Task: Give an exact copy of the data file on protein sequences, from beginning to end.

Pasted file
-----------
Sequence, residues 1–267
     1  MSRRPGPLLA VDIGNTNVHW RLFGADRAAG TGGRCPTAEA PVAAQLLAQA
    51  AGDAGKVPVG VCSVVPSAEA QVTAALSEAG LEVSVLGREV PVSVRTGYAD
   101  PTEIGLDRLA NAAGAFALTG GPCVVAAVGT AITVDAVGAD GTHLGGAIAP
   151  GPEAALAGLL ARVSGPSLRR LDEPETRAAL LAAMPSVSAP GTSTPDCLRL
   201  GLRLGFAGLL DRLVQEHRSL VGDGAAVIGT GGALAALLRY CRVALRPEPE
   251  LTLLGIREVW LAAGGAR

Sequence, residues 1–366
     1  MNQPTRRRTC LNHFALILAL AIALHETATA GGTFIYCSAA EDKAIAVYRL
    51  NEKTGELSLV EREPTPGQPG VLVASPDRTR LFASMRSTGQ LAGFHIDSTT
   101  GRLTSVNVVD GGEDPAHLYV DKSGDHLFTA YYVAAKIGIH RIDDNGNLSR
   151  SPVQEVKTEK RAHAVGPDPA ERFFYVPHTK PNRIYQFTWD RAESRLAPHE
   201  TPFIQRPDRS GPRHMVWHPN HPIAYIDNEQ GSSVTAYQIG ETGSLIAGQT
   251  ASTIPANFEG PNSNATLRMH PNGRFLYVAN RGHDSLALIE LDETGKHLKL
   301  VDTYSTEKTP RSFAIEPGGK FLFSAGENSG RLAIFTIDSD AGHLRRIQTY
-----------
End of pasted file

Sequence, residues 1–267
     1  MSRRPGPLLA VDIGNTNVHW RLFGADRAAG TGGRCPTAEA PVAAQLLAQA
    51  AGDAGKVPVG VCSVVPSAEA QVTAALSEAG LEVSVLGREV PVSVRTGYAD
   101  PTEIGLDRLA NAAGAFALTG GPCVVAAVGT AITVDAVGAD GTHLGGAIAP
   151  GPEAALAGLL ARVSGPSLRR LDEPETRAAL LAAMPSVSAP GTSTPDCLRL
   201  GLRLGFAGLL DRLVQEHRSL VGDGAAVIGT GGALAALLRY CRVALRPEPE
   251  LTLLGIREVW LAAGGAR

Sequence, residues 1–366
     1  MNQPTRRRTC LNHFALILAL AIALHETATA GGTFIYCSAA EDKAIAVYRL
    51  NEKTGELSLV EREPTPGQPG VLVASPDRTR LFASMRSTGQ LAGFHIDSTT
   101  GRLTSVNVVD GGEDPAHLYV DKSGDHLFTA YYVAAKIGIH RIDDNGNLSR
   151  SPVQEVKTEK RAHAVGPDPA ERFFYVPHTK PNRIYQFTWD RAESRLAPHE
   201  TPFIQRPDRS GPRHMVWHPN HPIAYIDNEQ GSSVTAYQIG ETGSLIAGQT
   251  ASTIPANFEG PNSNATLRMH PNGRFLYVAN RGHDSLALIE LDETGKHLKL
   301  VDTYSTEKTP RSFAIEPGGK FLFSAGENSG RLAIFTIDSD AGHLRRIQTY